Biz People Networking
Credit: Ambro, freedigitalphotos.net

Many people hate networking because they fear appearing awkward or looking stupid. Others simply don’t know what to say. Still, many network anyway and try to make it work — only to stumble.

Is that you? It was me once. Today, people have a very hard time believing I was very shy as a little girl. But in fact, as a first grader, my mouth was shut for so long, my lips dried together!

How did I overcome my awkwardness? I realized when I went to college that if I didn’t get more comfortable with starting conversations and getting to know people, I wasn’t going to have much of a social life. One of the best things I did was join a sorority; they host “rush” parties for women to get to know them and see if they’d like to join. In time, I figured out how to start talking to people I didn’t know — and because we were “rushing” all the time, I had tons of practice.

By the time I was a senior, my networking skills had improved to the point where I was asked to teach the new gals how to do so. And when my boyfriend called our school “Mary Foley University,” I knew there was no way anyone was ever going to believe that I used to be shy. I had transformed, and you can, too.

“What is networking?” asks Devora Stack, author of “Networking for People Who Hate Networking.” “Networking is the art of building and maintaining for shared positive outcomes. Real networking is connecting.” I couldn’t agree more. In fact, I say we rename “networking” to “netconnecting.” Meeting and getting to know new people is about gathering several good connections.

Here’s my simple N-E-T way to network successfully:

N –- Focus on what the other person NEEDS.

Contrary to what you may have heard before, networking is not about you. That’s where I used to get uptight and where I see so many other women get uptight when it comes to networking. They are so worried about how they will come across and what they will say and what they will do, that they forget what’s most important is the other person. The immediate need of every person at a networking event is to feel emotionally comfortable.

Let’s say you’ve just walked into the networking event and right away you’re in the presence of someone you don’t know. Someone’s got to make the first move. If too much time goes by, it feels uncomfortable, doesn’t it? So, in making this about the other person, you immediately smile, extend your hand, and introduce yourself. I might hold out my hand and say, “Hi, my name is Mary. What compelled you to battle our crazy traffic to get here today?”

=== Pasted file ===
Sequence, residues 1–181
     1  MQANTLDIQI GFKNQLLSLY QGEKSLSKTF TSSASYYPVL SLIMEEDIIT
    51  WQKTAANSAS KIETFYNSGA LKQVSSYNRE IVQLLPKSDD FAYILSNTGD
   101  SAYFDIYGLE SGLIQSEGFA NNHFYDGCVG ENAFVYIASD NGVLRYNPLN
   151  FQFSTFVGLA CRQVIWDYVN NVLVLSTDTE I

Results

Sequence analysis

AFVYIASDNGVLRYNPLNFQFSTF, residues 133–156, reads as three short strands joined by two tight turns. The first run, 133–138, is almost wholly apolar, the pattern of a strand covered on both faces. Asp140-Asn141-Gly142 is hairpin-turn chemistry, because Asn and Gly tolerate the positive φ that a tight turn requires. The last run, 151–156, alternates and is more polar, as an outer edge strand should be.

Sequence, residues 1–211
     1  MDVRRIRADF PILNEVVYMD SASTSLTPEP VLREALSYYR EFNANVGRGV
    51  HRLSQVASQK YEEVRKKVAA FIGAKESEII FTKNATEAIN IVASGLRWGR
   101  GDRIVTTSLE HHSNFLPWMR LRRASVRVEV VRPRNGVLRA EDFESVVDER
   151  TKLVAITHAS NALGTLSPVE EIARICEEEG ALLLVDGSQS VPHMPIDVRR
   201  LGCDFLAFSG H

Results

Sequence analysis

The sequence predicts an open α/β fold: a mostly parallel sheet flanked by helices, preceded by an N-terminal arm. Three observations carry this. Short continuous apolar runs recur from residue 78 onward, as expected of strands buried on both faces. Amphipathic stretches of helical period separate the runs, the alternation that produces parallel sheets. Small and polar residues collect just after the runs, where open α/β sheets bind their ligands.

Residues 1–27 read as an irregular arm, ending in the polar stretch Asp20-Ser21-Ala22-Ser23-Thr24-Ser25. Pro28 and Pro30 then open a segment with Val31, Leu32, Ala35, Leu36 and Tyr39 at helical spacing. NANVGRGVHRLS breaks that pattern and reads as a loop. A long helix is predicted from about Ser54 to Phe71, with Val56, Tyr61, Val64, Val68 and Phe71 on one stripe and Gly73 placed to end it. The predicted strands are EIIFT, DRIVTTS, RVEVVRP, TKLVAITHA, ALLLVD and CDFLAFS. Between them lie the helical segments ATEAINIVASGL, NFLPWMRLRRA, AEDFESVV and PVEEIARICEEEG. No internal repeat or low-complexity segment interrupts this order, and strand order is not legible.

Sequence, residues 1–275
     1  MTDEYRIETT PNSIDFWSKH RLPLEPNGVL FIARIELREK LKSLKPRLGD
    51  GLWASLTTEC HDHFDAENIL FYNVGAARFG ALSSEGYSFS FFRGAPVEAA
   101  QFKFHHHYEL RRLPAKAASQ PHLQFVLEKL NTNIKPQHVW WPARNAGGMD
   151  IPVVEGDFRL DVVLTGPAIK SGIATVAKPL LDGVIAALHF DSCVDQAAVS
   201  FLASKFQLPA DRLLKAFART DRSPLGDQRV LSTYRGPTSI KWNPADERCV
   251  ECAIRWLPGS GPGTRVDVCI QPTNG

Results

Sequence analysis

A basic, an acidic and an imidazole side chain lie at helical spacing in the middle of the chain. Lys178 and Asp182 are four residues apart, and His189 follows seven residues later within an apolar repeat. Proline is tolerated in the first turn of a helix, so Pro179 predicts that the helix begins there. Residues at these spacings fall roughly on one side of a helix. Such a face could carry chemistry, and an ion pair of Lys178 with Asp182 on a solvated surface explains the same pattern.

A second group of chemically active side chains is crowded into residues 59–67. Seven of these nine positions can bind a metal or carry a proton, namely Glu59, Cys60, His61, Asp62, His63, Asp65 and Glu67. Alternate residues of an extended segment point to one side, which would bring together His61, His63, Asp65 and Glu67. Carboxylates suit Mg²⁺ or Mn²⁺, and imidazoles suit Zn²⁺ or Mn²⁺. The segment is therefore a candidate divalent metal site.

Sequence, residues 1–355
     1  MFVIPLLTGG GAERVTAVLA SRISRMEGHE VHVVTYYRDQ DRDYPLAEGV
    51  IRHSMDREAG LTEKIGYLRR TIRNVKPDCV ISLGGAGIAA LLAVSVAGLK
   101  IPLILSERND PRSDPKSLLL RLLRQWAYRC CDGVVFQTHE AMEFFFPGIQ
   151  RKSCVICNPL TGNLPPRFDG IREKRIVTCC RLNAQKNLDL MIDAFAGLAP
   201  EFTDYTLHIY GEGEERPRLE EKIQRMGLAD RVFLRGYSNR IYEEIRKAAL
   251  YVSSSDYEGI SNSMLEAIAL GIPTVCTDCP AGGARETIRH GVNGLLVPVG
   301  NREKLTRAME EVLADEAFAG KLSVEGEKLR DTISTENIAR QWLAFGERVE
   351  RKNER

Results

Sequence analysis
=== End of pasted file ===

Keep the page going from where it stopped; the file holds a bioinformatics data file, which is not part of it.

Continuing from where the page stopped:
However, don’t launch immediately into what you do or the Cliff Notes version of your career. Simply say your name and immediately ask a light question to begin to build rapport. By asking a simple question, you make it easy and emotionally comfortable because they only thing the other person had to do is respond.

E –- EXPLORE how you can help solve the other person’s problems.

Here’s when you want to move into more specific questions about the other person’s company or business. You want to ask questions that help you paint a picture of what their company does, what role they play (if they are not the owner), and, most importantly, what problems they are trying to solve. You could start with the proverbial, “What do you do?” but it’s such a tired question. How about a fresher version, such as, “What role do you play in your company?” or “What do you do every day to keep out of trouble?” Then listen and ask more questions such as “What do you mean by…?” or “Oh, why is that…?”

A simple “That’s interesting, tell me more” works well, too. While you’re listening, be thinking, “How can I be of help?” Perhaps it’s an article or website. Maybe it’s sharing how you solved a similar situation. Or, maybe there’s someone you can put them in touch with that could help them. Sometimes just asking questions so they can think out loud and better understand their own situation is how you can help them. They get clarity or an idea that hadn’t occurred to them before.

If you’re not sure how you can help, ask. Simply say, “How can I help you?” Asking them creates such good will and they will remember it because not that many people ask such a question.

T — Stay in TOUCH by following-up.

After your conversation jot down something about them and what they need so that you can send a follow-up e-mail or make a phone call that’s personalized. This is extremely powerful because most people never follow-up — and if they do, they are very generic and only say “nice to have met you.”

Keeping in touch also means you do what you promised. You send them the article you mentioned, or e-mail them the link to a particular website, or put them in touch with another person that you said you would. And, continue to keep in touch by sharing additional resources or ideas that may be of help.

By using this simple N-E-T approach, you can stop feeling awkward, stupid or speechless when networking, and start creating and building relationships with others. Over time you will have a whole web of contacts and people you know in your industry and in business. As your connections expand, so will your learning, influence, and power.

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